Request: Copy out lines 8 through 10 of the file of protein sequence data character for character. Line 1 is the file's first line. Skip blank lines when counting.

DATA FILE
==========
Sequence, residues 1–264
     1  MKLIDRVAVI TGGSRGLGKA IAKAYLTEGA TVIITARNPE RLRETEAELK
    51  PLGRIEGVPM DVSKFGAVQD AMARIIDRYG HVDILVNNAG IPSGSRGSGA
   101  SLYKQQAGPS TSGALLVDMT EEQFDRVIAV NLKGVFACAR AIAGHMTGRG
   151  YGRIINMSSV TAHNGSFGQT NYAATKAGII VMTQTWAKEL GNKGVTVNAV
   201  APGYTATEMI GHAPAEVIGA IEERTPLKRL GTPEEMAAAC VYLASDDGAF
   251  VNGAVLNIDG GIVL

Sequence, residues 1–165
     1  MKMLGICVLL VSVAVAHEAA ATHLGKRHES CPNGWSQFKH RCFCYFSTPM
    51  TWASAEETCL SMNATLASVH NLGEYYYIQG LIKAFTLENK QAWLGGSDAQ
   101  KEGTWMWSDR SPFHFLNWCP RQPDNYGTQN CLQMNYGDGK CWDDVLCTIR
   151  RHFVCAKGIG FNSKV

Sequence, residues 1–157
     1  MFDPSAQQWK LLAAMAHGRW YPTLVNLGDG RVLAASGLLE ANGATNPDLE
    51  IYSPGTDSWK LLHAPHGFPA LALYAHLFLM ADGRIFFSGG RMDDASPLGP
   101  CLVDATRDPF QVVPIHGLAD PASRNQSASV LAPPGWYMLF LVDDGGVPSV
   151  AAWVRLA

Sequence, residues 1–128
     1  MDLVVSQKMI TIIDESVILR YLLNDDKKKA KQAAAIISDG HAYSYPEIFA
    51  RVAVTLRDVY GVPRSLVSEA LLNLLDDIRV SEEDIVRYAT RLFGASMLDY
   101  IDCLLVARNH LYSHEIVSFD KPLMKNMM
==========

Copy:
Sequence, residues 1–165
     1  MKMLGICVLL VSVAVAHEAA ATHLGKRHES CPNGWSQFKH RCFCYFSTPM
    51  TWASAEETCL SMNATLASVH NLGEYYYIQG LIKAFTLENK QAWLGGSDAQ